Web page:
With a handful of books and living in tents, Gaza's students decry lost education

The UN says at least 650,000 people affected by 'scholasticide' crisis

Children attend a lesson at a makeshift classroom in a camp for displaced Palestinians in Rafah, in the southern Gaza Strip. AFP
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Schoolchildren and students in Gaza are losing hope that they will be able to continue their education amid the devastation of Israeli bombardment and ground operations.

Those who have survived 200 days of war face losing a year of schooling, as 80 per cent of education facilities are destroyed or damaged, they tell The National.

Last week, a group of UN experts called the crisis “scholasticide”, referring to the systematic destruction of education in the strip, meaning “at least 625,000 students have no access to education.”

For many, the problem is compounded by being constantly on the move, as massive Israeli ground operations have shifted devastation from town to town.

Siham Aouda, an 18-year-old in Rafah, had previously fled from Gaza city in the north to Khan Younis. With an Israeli assault there looming, she will probably have to flee again.

"I brought my books with me from Gaza, thinking that we could salvage the year and all I needed to do was study," Siham told The National.

More than 34,000 Gazans have been killed in Israel's bombardment and invasion of Gaza since October 7, mostly women and children. The war began after Hamas launched a surprise attack into southern Israel, killing around 1,200, mostly civilians.

Now living in a tent with her family, Siham said that even if there were opportunities to continue the school year, it would be impossible for students due to the war.

"No one is concerned about our future. This year is crucial for high school students, but all we are focused on now is survival," she added.

Siham hopes to study media to help convey the suffering of her people.

"I long to return to Gaza [city], to resume our normal lives, and to complete my final year of high school," Siham said.

According to Ismail Al Thawabteh, Director General of the Government Media Office in Gaza, the Israeli army has destroyed 103 schools and universities, and partially destroyed 309 others.

More than 10,000 male and female students from schools and universities “have been cold-heartedly murdered, solely due to the brutality and injustice of the occupation,” he said.

“The greatest damage has been done to students taking the General Secondary Education Certificate Examination, Tawjihi, which is considered a crucial stage that transitions students from basic education to university education and onwards to their future. As a result, around 40,000 students have been affected by this brutal war waged by the occupation,” Mr Thawabteh said.

No one is concerned about our future. This year is crucial for high school students, but all we are focused on now is survival
Siham Aouda, an 18-year-old in Rafah

“Since the very beginning, we have been demanding the world to stop this war in order to restore life in the Gaza Strip, reinstate education, and bring back all sectors to life. However, the Israeli occupation persists with brutality, killings and bombardments in this aggressive war.”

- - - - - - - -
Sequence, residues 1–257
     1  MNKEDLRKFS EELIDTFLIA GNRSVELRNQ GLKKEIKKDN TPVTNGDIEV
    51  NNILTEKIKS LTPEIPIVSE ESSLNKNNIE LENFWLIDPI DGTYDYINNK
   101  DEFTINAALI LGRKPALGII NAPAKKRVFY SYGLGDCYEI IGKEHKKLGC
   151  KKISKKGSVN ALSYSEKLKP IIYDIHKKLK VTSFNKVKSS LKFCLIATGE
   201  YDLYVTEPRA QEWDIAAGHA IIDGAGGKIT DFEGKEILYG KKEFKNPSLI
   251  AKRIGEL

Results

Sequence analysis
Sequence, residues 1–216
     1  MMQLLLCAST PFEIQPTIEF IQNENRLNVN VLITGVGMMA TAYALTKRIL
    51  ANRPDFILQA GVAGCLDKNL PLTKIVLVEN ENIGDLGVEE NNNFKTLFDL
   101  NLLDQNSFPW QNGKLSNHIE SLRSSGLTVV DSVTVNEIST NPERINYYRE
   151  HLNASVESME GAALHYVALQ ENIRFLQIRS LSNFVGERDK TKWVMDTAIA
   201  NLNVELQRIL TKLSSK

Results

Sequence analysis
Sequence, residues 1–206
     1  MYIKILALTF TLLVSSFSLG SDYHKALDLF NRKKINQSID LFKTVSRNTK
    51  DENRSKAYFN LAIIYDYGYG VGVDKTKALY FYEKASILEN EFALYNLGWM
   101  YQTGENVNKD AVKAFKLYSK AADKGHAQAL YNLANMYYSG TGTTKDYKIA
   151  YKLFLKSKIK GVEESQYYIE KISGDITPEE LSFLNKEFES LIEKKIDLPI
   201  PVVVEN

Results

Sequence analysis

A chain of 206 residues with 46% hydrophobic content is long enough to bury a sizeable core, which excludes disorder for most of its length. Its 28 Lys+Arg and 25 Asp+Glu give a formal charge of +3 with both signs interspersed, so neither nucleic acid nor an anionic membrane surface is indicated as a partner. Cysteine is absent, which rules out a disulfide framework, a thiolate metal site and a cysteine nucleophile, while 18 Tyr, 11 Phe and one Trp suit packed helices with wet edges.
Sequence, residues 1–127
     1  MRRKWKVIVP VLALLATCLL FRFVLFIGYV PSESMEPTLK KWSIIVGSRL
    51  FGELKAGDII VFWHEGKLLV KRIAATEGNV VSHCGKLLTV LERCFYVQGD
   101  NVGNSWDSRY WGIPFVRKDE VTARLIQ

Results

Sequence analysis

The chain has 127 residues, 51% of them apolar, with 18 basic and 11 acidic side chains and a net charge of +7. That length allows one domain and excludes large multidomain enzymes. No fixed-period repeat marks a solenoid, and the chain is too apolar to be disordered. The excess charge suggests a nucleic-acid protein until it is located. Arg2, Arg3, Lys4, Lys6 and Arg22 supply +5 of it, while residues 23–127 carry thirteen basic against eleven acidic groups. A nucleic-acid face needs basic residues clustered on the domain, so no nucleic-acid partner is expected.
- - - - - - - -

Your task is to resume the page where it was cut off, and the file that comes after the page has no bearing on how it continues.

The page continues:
Khader Munzer, an 18-year-old who was supposed to complete his general secondary education this year and prepare to study medicine, had his plans disrupted by the war.

"I was supposed to be studying now and preparing for the final exams, but unfortunately, we as Palestinians have the fate of not being able to fulfil our plans," Khader told The National.

A crisis of displacement

Currently in Gaza city, Khader's father refused to flee to the south, believing he would not have the opportunity to return.

"The absence of the internet makes it difficult for us to engage in any online classes, which is truly disappointing as we see a whole year of our lives slipping away," Khader said.

He began private lessons in maths and physics in September 2023, and has held on to his books in the hope of salvaging the educational year in any way possible.

"At first, it was challenging for me to focus on studying with the sounds of shelling and bombing. We initially thought it would last for one month and then end, but over time we began to realise that we were losing the opportunity to complete the year," Khader said.

Palestinian Minister of Education Amjad Barham said on Monday that 1,000 students from Gaza who left the strip will sit for general secondary education exams this year in countries where they are currently residing.

He said the registration process for Gaza students in Egypt is continuing through a specialised team from the ministry and the Palestinian embassy in Cairo.

Randa Fadel, 42, lives in Rafah after she fled Gaza city at the beginning of the war. She made special arrangements for her son to travel to Egypt in order to continue his education.

"I attempted to enrol my son in online classes, but it appears that online education is only accessible to students who managed to leave Gaza. Therefore, I did my best to gather the necessary funds for my three children to leave Gaza and relocate to Egypt," Ms Fadel told The National

Her son is in his final year of high school, while one of her daughters is in her third year of university and the other is in ninth grade.

Updated: April 24, 2024, 1:43 PM